"But I Still Think It's Ugly": Explaining Architecture to Normal People
A discussion intended to help us better explain architecture to non-architects, with the goal of increasing their appreciation of the buildings that give us joy and wonder and satisfaction. We want people to like the buildings we design, because we want them to ask us to design more of them. We’ll look at how architects' values often diverge from those of people at large; how architecture school shapes our habits of thought in ways that may sometimes impede our communication with non-architects; and how we might more effectively share both our love and understanding of buildings.
1) Be aware of habits of mind common to architects that hinder effective communication with non-architects.
2) Understand ways to counter those habits of mind.
3) Be aware of common communication faux pas.
4) Practice ways of generating more effective messages.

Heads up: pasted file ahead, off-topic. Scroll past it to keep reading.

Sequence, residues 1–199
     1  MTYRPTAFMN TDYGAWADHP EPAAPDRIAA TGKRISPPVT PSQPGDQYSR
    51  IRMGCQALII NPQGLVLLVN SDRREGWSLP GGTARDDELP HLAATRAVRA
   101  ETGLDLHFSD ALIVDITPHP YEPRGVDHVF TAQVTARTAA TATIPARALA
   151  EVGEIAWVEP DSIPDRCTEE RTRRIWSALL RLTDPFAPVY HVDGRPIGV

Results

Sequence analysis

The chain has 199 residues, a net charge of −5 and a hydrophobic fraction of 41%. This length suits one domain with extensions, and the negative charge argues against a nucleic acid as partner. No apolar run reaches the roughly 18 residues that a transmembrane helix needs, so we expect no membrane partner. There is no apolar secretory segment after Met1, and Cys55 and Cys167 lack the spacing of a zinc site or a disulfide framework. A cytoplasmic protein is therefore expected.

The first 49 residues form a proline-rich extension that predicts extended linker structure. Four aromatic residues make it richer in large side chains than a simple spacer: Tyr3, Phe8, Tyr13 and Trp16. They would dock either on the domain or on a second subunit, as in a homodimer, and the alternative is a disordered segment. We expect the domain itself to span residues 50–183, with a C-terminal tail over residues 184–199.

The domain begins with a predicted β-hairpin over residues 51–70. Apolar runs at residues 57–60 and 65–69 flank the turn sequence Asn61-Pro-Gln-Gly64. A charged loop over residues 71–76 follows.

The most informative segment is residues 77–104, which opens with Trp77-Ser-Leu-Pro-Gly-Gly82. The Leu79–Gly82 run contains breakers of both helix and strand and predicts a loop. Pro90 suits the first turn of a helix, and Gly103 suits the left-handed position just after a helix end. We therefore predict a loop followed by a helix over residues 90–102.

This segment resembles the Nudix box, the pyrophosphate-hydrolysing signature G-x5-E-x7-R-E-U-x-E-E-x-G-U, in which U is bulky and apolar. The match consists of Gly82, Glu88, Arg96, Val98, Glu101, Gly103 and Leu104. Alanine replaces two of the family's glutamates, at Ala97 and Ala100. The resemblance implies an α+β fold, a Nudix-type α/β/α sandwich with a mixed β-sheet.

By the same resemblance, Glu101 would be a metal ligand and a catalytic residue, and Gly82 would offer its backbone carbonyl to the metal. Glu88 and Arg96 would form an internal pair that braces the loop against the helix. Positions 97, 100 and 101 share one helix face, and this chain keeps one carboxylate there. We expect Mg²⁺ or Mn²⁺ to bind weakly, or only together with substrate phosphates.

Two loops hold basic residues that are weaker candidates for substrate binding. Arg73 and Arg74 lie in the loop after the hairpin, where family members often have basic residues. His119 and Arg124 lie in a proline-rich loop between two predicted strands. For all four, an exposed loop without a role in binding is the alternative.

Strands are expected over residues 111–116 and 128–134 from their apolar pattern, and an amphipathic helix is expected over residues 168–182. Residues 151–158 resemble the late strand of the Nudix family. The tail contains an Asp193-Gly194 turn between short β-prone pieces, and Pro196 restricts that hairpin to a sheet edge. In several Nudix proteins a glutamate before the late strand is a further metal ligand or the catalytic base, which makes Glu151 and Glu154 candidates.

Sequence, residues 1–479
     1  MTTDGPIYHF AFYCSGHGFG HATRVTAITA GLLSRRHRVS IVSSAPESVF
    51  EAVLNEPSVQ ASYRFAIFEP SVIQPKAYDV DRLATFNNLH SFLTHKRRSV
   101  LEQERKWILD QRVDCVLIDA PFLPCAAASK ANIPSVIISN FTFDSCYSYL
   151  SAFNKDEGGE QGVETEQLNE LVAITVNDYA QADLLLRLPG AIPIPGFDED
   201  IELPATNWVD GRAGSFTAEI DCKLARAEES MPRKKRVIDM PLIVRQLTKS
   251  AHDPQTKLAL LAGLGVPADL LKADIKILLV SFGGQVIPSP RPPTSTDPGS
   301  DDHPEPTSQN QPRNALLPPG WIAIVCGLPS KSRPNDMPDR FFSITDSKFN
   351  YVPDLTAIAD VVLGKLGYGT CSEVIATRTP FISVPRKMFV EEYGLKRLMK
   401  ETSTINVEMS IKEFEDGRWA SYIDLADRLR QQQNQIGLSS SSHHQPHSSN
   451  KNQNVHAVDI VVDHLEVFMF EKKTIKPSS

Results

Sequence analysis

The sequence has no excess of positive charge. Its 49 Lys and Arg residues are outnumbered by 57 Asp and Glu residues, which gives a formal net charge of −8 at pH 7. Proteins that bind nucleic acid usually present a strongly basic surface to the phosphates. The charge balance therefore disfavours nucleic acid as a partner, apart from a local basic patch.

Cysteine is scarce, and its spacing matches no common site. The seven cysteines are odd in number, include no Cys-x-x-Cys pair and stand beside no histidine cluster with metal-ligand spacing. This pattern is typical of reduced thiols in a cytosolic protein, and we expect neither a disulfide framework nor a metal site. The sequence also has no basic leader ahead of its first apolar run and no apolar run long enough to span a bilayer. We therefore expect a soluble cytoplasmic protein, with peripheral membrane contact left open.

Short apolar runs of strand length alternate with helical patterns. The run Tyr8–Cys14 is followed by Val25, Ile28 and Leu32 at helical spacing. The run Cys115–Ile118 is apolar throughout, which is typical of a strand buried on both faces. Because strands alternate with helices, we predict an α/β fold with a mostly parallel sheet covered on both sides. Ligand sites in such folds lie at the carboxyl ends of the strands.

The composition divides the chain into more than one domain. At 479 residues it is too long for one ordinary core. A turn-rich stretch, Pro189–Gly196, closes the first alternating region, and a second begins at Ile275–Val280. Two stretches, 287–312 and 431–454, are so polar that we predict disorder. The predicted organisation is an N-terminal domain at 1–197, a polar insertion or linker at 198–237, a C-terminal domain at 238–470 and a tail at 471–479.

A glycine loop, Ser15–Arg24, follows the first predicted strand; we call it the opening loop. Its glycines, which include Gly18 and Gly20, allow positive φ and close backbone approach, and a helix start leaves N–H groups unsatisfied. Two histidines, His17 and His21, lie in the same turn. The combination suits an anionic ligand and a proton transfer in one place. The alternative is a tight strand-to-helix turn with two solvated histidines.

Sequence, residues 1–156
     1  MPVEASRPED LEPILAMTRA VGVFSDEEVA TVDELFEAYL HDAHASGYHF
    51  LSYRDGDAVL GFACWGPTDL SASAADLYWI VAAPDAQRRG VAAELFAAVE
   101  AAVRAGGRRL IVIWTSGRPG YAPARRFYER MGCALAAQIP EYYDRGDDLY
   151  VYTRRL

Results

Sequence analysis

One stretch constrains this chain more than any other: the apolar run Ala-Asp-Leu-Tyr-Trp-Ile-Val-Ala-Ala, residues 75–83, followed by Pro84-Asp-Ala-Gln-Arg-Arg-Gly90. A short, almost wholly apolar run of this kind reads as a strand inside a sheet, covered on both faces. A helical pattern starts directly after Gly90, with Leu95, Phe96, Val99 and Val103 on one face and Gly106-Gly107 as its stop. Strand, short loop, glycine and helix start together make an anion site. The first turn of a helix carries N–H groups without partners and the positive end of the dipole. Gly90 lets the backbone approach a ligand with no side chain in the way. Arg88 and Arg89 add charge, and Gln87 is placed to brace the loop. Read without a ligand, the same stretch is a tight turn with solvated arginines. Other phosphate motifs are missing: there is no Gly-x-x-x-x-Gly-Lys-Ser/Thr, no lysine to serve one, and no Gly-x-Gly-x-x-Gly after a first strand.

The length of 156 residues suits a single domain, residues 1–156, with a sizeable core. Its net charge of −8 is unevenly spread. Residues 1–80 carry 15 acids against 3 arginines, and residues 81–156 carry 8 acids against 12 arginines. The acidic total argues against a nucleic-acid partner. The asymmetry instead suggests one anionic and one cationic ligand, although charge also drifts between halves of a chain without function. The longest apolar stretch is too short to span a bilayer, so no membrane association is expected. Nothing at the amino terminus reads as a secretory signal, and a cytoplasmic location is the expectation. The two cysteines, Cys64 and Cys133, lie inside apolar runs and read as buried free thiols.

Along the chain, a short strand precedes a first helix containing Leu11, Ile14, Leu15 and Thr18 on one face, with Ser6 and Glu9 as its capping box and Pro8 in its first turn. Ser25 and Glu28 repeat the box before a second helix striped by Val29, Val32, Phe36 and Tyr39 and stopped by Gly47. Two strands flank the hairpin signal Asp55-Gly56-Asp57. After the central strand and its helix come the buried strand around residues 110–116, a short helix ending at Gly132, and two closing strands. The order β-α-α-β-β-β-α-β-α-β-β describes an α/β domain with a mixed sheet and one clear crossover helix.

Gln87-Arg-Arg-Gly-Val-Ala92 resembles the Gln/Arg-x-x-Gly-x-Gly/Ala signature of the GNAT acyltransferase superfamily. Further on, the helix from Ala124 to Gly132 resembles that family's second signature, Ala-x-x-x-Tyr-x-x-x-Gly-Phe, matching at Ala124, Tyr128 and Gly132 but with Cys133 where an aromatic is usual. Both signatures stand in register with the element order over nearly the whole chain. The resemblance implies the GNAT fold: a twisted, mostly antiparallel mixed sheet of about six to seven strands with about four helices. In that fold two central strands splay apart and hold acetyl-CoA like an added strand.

Tim Culvahouse, FAIA, helps fellow architects expand, refine, or otherwise enrich what they’re doing. He is Editor and Content Strategist for the American Institute of Architects, California Council and past chair of the board of the non-profit Public Architecture. He is the editor, as well, of The Tennessee Valley Authority: Design & Persuasion, published in 2007 by Princeton Architectural Press. His articles have appeared in a wide range of journals, including 306090, ANY, Art Papers, Design Book Review, Harvard Design Magazine, Modulus, Perspecta, Residential Architect, and World Architecture. A former Head of the Department of Architecture at the Rhode Island School of Design and former Associate Dean for Design & Architectural Studies at California College of the Arts, he has served as the Favrot Distinguished Chair in Design at Tulane School of Architecture, Masters Studio Visiting Critic at Carleton University in Ottawa, and Friedman Visiting Professor at UC Berkeley. He earned his Master of Architecture from the Tulane School of Architecture and a Master of Environmental Design from Yale University.
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